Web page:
Do Icelanders believe in elves? Many do. Here's everything you need to know about Iceland's Elf Culture.
Legend has it that deep within the Land of Fire of Ice (Iceland), Huldufólk, or The Hidden People (elves), carry on with daily life, going through the motions, leading similar lives to the ones led by our own species: humans. The elves look like people, act like people, sleep like people, and behave like people, with a few slight variations regarding their appearance. The Hidden People have a more elongated frame, gaining their name from one main factor. They make themselves visible only when they want others to see them. They make themselves appear to the human eye at will.
While legend and lore praise these Icelandic creatures' existence, where did they come from? Does everyone residing in Iceland's corridors trust in the fae, or are they yet another local legend driving tourists and locals to buy into the hype? While we can't answer the whole truth, we can offer some facts and stories surrounding these Icelandic Elvin people. Next time you’re in Iceland, keep an eye out for The Hidden People.
Do Icelanders Believe in Elves? Everything you need to know about Iceland's Elf Culture
If you're planning a trip to Iceland, jumping on to the elf culture bandwagon might be a fun way to add some whimsy and culture to your trip.
The Hidden People foster a few origin stories, the most popular spawning from the Bible. According to the holy book, Adam and Eve boasted their children to God, but when asked if they had any other offspring to Him, Eve replied with a fabrication because her other children remained dirty from the absence of a bath.
God disliked her dishonesty, so he rebuked her, stating, “What you hide from my sight, I will hide from yours.” Thus, the children moved out to the wilderness, finding homes within trees and the remote woods, making themselves seen on their own time.
A different tale accounts for a wary traveler pausing in the first cabin he found for some shut-eye. When he arrived at the cabin, the all-female occupants invited him in for a warm meal and a cozy bed. Following the meal, he slept with one of the girls in the cabin, but when he rolled toward her, her physical body had vanished. Though he could not touch her, he saw her silhouette and asked what happened to her flesh. The woman replied that she exists as a disembodied spirit. Icelandic mythology equates the disembodied spirit elves to individuals who struck an unbiased position toward the beast. Since they refused to pick a side, they suffered (or thrived) as bodiless wisps of people in the forest.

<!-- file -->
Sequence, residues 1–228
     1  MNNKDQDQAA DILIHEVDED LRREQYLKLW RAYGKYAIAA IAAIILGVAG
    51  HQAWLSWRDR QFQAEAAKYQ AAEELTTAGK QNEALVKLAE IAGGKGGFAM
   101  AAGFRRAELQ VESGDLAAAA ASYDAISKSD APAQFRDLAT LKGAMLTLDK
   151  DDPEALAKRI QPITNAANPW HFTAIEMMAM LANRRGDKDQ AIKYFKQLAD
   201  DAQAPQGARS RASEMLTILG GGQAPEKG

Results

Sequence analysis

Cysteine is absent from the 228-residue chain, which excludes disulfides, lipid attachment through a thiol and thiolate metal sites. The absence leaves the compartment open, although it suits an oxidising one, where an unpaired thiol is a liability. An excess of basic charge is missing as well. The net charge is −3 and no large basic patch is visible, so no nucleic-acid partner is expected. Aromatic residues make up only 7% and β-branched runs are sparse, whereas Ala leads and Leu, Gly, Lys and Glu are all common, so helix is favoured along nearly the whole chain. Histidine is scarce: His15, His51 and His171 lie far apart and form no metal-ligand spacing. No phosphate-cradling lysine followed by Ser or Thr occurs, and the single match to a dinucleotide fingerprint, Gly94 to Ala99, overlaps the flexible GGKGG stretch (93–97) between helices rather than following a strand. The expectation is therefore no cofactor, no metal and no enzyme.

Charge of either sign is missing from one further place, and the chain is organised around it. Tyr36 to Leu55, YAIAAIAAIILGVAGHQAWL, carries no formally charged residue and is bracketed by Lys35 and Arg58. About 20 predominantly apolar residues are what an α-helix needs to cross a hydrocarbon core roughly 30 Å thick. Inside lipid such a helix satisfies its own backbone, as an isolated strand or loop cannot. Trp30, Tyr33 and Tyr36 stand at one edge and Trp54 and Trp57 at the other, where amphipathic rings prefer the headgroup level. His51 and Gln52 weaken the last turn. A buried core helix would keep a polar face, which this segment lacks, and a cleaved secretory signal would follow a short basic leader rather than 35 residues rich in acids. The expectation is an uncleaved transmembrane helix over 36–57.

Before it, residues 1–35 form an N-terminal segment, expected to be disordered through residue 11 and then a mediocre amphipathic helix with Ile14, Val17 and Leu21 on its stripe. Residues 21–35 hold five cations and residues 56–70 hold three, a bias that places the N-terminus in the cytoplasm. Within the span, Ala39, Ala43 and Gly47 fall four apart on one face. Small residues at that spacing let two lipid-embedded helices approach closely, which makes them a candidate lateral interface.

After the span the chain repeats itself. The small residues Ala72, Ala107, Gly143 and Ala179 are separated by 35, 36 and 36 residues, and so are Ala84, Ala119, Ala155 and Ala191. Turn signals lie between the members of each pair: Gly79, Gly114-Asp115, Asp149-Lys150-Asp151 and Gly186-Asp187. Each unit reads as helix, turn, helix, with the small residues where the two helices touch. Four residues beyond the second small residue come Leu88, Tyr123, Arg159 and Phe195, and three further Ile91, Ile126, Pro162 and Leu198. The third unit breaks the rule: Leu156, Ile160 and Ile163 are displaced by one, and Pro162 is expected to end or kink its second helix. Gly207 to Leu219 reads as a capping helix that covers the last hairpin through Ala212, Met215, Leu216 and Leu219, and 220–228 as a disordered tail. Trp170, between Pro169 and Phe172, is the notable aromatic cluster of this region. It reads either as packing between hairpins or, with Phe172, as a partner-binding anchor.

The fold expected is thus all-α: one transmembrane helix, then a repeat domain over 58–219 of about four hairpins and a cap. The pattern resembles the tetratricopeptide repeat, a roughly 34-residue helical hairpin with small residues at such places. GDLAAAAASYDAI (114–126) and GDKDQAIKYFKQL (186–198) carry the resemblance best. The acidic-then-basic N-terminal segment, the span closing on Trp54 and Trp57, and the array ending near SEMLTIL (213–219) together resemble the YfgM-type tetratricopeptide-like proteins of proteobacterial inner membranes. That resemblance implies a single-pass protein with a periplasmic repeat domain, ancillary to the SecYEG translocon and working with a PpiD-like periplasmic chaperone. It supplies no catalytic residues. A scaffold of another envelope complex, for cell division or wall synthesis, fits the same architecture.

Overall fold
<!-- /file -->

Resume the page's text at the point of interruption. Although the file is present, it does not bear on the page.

Where to Find The Hidden People
The Elf capital (unofficial, of course), Hafnarfjordour, borders on mythic with its large population of The Hidden People. Public parks invite guests to stroll through the natural habitat filled with openings and holes in the lava fields where The Hidden People reside. Green moss covers minute cave openings where The Hidden People dip in and out, and rolling streams pat near these openings. Along with elves, locals state trolls also ramble through the parks and lava fields, calling Hellisgerdi Park their home.
According to High on Adventure, elf expert Ragnhildur Jonsdottir communicates with the Huddofolk and snapshots their aura–a beaming purple light radiating from the cave creases and the forest territories.
Elf walking tours help guests learn more about the exciting folklore interspersed throughout the city. Tour guides explain the phenomenon of The Hidden People and walk patrons through prominent Huldufólk sights and an elf stone, a landing place for these creatures.
How to Interact With the Hidden People
Rule number one is to always respect the elves. Much of the Icelandic population believes that The Hidden People exist with a high intention of preserving the environment. Numerous accounts report construction projects taking place on a known Huldufólk residence that did not progress due to the Huldufólk interfering with the plans. From this behavior, Icelandic workers have moved around the fae opting for alternate routes so as not to disturb their lives. People also think that if you disrespect one of The Hidden People, they retaliate with chicanery.
One way Icelanders show gratitude and warmth toward The Hidden People is around Christmas. Before the holiday, they clean their homes and leave out food–much like other countries do for Santa Claus–as lore states they like a good holiday party and feast. After the festivities, they move on to other locations. So, on New Year's, Icelanders place candles out for the elves to see pathways to their new whereabouts.
The Elf School
If you're in Iceland and want to elevate your knowledge about The Hidden People, and the museums and walking tours aren't filling the void, enroll in The Elf School. Students coalesce for a 3.5-hour seminar on the Hidden People. The in-depth lecture, taught by a respected elf expert, Mr. Magnus Skarphedinsson, fleshes out the history of the Elvin folk, along with the various species that pop up throughout Iceland. The school bases the class on first-hand experiences of humans interacting with elves and decades of folklore research for a rounded lesson. Enroll knowing nothing about The Hidden People, and leave an expert with a degree in the Huldufólk!
About Gabrielle Reeder
Gabrielle Reeder is a travel enthusiast from St. Petersburg Florida. She boarded her first plane at six months old and blamed her love for jet-setting on her mom’s background as a travel agent. She’s been to 41 states and six countries, hoping to up that number to 50 states and 10 countries by her 26th birthday. She loves to find the best vegetarian food, desserts, and music venues during her trips.